Spring speaker series fosters talks of peace, justice

Staff Report

This semester the University of Dayton welcomes three distinguished guests as presenters for the UD Speaker Series.

Sister Jamie T. Phelps, a member of the Adrian Dominican Sisters, Sister Helen Prejean, a member of the Congregation of Saint Joseph and Anna Deavere Smith will give talks corresponding with the 2014-2015 UD Speakers Series’ theme, “Perspectives on Peace.”

As UD’s annual the Rev. Martin Luther King Jr. commemorative speaker, Phelps will discuss “the MLK legacy and its contemporary implications for the social justice mission of the local and global church,” according to a UD press release.

Phelps’s work in theology has earned her national recognition. She has worked for 50 years in a variety of faith-based positions and today is the director of the Institute for Black Catholic Studies at Xavier University of Louisiana.

“To see the world overcome race, class, gender, interpersonal and international divisions would fill Sister Phelps with endless solace and peace of mind,” says her official website. “She dreams of the day she can look at society and say ‘See how they love one another.’”

Phelps’s presentation will be “very relevant to the issues that have been going on on campus,” junior Alyssa Roeckner said, referencing the on-campus protests following the Michael Brown and Eric Garner cases.

Phelps’s presentation will be at 7 p.m. Jan. 26 in the KU Ballroom. The event will also include a tribute to Paul Marshall, SM, a former UD rector who passed away previously this school year, according to UD’s website.

The second speaker is Sister Helen Prejean, a fervent advocate for the abolition of the death penalty. She is the author of the best-selling book “Dead Man Walking,” which has also been made into a highly-acclaimed movie.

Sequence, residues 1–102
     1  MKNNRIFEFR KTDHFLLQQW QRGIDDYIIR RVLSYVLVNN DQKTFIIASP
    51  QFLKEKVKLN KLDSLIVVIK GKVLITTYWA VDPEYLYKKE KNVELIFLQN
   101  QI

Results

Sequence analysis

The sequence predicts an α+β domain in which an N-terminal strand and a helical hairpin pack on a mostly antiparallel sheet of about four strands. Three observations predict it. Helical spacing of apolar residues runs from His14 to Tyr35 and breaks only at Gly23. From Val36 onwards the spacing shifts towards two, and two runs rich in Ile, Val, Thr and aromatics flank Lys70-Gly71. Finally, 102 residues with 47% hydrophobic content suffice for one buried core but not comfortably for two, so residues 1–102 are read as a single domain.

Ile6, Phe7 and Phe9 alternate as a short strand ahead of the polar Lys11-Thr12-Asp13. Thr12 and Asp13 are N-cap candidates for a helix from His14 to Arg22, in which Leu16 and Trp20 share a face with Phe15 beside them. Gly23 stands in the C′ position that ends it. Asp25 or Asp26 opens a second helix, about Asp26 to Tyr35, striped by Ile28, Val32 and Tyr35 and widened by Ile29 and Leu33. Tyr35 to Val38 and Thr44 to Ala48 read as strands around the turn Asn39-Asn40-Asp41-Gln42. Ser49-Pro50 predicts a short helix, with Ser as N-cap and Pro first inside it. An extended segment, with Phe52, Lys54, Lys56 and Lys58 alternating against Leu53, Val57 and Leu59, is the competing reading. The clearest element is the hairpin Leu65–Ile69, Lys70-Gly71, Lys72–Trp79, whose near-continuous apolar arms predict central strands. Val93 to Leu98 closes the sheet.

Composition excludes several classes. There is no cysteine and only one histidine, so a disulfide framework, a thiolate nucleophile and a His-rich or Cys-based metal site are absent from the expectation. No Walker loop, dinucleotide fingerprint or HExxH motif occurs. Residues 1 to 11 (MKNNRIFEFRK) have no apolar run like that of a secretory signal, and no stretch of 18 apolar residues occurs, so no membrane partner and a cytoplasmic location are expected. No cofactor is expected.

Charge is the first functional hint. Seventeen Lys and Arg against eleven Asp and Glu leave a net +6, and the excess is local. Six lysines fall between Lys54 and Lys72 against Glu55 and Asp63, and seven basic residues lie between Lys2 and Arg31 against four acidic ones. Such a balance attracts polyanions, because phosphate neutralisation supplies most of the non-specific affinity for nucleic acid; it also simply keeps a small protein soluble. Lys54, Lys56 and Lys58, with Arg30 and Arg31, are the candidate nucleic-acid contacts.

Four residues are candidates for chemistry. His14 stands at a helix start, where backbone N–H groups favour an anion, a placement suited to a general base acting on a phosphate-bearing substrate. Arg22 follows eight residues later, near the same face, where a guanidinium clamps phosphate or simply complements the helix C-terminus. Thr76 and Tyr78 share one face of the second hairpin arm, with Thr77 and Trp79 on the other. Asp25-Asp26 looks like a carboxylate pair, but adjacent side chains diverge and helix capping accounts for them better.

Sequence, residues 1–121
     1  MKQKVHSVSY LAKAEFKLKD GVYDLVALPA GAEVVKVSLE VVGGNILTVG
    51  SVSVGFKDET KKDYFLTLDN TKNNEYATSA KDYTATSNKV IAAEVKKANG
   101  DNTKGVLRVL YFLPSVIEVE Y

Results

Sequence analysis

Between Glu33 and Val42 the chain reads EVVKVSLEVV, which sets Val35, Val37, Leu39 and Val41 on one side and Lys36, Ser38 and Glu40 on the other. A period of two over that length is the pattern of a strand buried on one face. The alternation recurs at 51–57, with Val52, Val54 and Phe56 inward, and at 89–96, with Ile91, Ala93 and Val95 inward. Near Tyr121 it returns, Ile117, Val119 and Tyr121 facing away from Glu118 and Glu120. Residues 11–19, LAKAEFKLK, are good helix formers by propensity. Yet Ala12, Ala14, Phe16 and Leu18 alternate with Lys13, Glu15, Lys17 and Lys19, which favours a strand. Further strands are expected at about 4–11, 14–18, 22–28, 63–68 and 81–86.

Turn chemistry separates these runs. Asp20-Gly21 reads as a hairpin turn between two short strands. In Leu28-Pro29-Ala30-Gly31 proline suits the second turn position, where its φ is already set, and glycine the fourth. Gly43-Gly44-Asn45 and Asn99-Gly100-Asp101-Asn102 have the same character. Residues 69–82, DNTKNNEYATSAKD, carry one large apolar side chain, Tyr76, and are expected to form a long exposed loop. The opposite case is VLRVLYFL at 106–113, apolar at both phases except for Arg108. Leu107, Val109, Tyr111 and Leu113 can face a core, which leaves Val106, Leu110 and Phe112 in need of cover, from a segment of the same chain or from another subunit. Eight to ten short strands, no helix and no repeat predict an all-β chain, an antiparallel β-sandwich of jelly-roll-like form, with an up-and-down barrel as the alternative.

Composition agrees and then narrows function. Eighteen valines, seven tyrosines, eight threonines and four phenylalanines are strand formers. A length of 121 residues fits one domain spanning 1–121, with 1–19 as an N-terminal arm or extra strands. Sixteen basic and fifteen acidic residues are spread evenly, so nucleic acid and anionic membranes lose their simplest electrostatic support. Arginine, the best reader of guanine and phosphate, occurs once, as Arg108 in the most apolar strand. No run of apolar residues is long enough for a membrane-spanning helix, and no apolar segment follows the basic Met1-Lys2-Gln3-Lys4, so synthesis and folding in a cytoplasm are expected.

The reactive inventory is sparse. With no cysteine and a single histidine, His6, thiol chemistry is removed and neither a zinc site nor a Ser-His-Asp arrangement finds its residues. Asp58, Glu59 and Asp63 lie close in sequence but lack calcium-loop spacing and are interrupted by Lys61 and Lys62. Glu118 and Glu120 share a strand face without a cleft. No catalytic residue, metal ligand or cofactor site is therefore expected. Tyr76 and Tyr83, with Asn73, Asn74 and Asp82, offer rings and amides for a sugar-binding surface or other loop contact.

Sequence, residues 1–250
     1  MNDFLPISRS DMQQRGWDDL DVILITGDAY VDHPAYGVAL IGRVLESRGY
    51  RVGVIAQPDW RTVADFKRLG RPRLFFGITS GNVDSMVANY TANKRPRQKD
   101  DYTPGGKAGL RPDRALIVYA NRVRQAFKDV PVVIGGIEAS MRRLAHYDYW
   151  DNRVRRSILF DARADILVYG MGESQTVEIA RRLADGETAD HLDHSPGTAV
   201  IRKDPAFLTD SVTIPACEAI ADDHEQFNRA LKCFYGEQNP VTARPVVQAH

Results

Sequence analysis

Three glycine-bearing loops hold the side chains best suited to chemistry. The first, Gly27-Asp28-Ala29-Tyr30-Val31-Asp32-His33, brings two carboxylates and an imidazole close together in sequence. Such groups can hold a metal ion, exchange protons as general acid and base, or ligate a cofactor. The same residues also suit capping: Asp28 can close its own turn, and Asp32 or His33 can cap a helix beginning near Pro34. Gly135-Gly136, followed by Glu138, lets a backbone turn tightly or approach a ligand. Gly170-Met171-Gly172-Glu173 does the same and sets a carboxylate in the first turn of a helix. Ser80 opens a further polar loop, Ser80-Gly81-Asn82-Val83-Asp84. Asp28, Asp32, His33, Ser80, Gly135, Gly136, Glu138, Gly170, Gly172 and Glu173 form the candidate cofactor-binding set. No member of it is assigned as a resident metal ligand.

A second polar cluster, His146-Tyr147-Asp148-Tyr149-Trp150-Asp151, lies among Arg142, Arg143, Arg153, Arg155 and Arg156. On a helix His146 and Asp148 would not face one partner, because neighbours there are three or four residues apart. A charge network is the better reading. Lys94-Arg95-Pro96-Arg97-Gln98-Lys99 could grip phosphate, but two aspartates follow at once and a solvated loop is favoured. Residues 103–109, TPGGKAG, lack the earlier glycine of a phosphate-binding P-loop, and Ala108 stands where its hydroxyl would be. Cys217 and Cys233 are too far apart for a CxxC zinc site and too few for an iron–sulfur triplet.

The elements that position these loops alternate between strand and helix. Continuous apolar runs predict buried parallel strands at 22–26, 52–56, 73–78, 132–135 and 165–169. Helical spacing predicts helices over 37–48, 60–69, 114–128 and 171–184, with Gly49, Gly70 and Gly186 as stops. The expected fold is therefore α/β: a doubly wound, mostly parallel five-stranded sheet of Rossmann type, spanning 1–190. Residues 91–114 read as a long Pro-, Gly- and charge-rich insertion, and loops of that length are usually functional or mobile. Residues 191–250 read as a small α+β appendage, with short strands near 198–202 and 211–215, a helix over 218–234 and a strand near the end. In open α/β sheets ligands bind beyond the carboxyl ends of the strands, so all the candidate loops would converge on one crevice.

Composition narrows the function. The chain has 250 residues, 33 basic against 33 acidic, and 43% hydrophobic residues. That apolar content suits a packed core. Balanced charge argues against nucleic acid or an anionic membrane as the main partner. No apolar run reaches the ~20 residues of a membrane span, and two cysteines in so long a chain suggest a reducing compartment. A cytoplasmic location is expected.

“Dead Man Walking: An Eyewitness Account of the Death Penalty” is about the beginning of Prejean’s prison ministry. In 1982, she entered into correspondence with the convicted killer of two teenagers. She visited him on multiple occasions and acted as his spiritual adviser until his execution, according to Prejean’s website.

Since 1984, Prejean has counseled prisoners as well as families of murder victims. She also educates the public about the death penalty.

“The death penalty is one of the great moral issues facing our country,” says Sister Prejean’s website, “yet most people rarely think about it and very few of us take the time to delve deeply enough into this issue to be able to make an informed decision about it.”

She has accompanied six prisoners to their executions.

Prejean’s talk will be at 7 p.m.,  Feb. 26 in the RecPlex.

The third speaker will be Anna Deavere Smith, a playwright, actor and professor.

Smith has appeared in “All My Children,” “Rachel Getting Married” and the TV series “The West Wing,” among other shows and movies.

Smith also stages solo performances which explore the different communities and identities throughout America.

Inspired by Walt Whitman’s idea “to absorb America,” Smith has traveled the nation for years and interviewed thousands. She performs vignettes about those she encounters during her travels.

According to the TED biography of Smith, this “ground-breaking” style of theater,“blurs the lines between theater and journalism, using text from real life encounters to create gripping portraits.”

In 2012, Smith received a National Humanities Award from President Barack Obama.

Smith’s presentation will be at 7 p.m., March 26 in the KU Ballroom.

UD Speaker Series is intended to act as a “catalyst for purposeful and critical discussion of contemporary issues through dynamic public presentations,” according to UD’s website.

“When students attend, we hope they do so with an open mind,” Kathleen Webb, chair of the UD speaker series said. “Students should expect to be challenged to think about the topic in a new way.

“They should feel free to ask questions at the end and engage the speaker in a dialogue.”

“Each speaker brings a different set of experience and credentials. They also vary in style. Some have a traditional style, presenting from a podium, some prefer a more relaxed style. Last year one speaker sat in a chair on the stage and her presentation was more conversational. This spring, one of the speakers is an actor and will likely perform as part of her talk,” according to Webb.

The events are free and open to the public. No ticket is required.